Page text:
Tuesday, May 16, 2006

#41 - Suite Française

It's a truism that people are complicated, multifaceted, contradictory, surprising, but it takes the advent of war or other momentous events to be able to see it. It is the most fascinating and the most dreadful of spectacles, [Louise] continued thinking, the most dreadful because it's so real; you can never pride yourself on truly knowing the sea unless you've seen it both calm and in a storm.
Minutes ago, I just finished Irène Némirovsky's masterpiece Suite Française. It's a hauntingly beautiful book about France during the Second World War. Broken into two distinct sections, the first deals with the flight from France of a large cast of characters, and the second deals with a smaller group of people living in a small, rural community once it's occupied by the Germans.

The stark contrast of both situations, those fleeing from occupation just before the Germans declare victory in France, and those living with the consequences of defeat, is balanced by the even, solid storytelling. In the hands of a lesser writer, the large cast of characters would sprawl unevenly across the pages, but Némirovsky's deft hand never lets it get out of control. Everyone has a purpose in this novel, if it's only to truly and completely reveal the horror and beauty of war from a clear, honest point of view.

The novel, lost for years until Némirovsky's daughter found it in an old suitcase, is like a time capsule. Written before the author died at Auschwitz in 1942, Suite Française hums along like an orchestral movement, each sentence an instrument finely tuned and perfectly in time with the one sitting before and after it.

The novel has a Russian feel to it (it's tone reminds Dostoevsky) and the narrator remains omniscient with an extraordinary control over the story. There's a sense of existentialism in the novel, a crucial feeling that regardless of how many mothers mourn their sons, nothing will change the fact that Germans now occupy their beds. Life is life and war is war.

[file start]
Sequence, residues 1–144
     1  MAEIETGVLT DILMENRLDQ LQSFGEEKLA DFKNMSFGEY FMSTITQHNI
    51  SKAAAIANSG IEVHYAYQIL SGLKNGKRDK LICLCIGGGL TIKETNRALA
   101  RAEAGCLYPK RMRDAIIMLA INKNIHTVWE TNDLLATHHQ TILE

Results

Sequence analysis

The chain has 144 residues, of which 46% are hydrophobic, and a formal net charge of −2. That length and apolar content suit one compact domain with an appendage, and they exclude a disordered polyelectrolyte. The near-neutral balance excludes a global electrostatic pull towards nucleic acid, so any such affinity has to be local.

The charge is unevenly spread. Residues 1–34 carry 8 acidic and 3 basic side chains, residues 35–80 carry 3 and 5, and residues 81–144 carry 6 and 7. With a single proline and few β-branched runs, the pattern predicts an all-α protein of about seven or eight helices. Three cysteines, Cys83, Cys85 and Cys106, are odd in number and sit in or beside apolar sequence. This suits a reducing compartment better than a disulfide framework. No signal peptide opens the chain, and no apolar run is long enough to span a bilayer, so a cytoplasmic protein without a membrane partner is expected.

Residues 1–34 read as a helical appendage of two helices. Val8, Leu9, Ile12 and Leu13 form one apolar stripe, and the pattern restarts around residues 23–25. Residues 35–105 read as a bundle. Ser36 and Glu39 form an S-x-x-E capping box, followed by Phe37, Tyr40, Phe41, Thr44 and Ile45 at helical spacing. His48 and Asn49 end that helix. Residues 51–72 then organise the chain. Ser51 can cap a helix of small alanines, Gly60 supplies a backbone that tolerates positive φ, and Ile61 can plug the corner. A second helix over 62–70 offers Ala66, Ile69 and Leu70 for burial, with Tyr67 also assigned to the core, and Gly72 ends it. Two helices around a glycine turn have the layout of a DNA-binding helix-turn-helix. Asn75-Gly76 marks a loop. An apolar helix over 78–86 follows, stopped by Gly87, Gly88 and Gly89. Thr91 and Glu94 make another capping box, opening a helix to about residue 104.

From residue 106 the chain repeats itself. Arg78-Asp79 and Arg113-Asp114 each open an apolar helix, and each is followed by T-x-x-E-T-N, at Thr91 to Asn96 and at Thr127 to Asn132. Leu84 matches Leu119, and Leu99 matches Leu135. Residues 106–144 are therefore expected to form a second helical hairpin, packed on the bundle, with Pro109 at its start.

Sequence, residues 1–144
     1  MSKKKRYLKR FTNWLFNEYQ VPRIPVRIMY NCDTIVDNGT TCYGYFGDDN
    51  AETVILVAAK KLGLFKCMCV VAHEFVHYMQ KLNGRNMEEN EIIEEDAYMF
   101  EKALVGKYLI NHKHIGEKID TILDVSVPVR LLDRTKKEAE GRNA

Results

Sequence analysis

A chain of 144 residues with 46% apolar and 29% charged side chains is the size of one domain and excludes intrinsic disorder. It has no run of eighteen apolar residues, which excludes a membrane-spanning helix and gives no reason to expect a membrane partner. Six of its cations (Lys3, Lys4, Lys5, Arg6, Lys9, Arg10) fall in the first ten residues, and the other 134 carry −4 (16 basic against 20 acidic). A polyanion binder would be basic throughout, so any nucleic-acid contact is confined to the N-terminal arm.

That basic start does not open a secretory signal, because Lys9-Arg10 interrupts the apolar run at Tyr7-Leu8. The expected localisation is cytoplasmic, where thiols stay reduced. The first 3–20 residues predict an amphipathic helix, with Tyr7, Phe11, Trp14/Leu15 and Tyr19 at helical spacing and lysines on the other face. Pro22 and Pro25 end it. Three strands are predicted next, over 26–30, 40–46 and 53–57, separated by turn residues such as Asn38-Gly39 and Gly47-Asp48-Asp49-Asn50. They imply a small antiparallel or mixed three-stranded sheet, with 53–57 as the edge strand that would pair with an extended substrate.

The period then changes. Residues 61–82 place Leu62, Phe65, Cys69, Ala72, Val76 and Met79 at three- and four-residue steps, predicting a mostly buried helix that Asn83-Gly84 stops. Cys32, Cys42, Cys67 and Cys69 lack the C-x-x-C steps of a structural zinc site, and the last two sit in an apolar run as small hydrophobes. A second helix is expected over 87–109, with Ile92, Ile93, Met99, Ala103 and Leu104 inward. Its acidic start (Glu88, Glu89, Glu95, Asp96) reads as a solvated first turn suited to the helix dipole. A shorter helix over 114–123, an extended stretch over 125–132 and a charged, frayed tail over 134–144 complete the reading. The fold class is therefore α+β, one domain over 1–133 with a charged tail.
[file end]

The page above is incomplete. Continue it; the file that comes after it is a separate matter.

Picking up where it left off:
What's most surprising is Némirovsky's ability to be sympathetic on both sides. The German characters are drawn with the same keen attention to detail as the French. The enemy is described as beautiful in places; he's human, just doing his job. And the French take everything in stride for the most part (with a few exceptions). They deal with the situation with an equanimity for the most part, as if a calm acceptance is the only way.

The first half of the novel, as rich and poor flee the city of Paris, the true nature of humanity reveals itself. Class systems, clung to by those who occupy the upper regions are destroyed, maybe for a few hours, maybe for a few days, but the sense that nothing will ever be the same again stays present, despite a civilty that returns once the Armistice is signed. By the second half, having to swallow their hatred for the enemy that now boards in their homes, the citizens rebel in their own little ways: selling their wine for far more than it's worth, not speaking to them even if they live in the same house, and so on.

You fall into the world of this novel and it's a world that so perfectly reflects its time and its place that it's a miracle it was found. It's a miracle it was published and it's an important piece of work. But most of all it makes you feel absolutely sad at the ridiculous nature of war, about how unfair it is that Némirovsky died so young and in such a terrifying manner, especially when you think she was going to complete two more novels in the series. What I wouldn't give to read them now.

And don't just take my word for it, read Brian Bethune's blog post and see for yourself.

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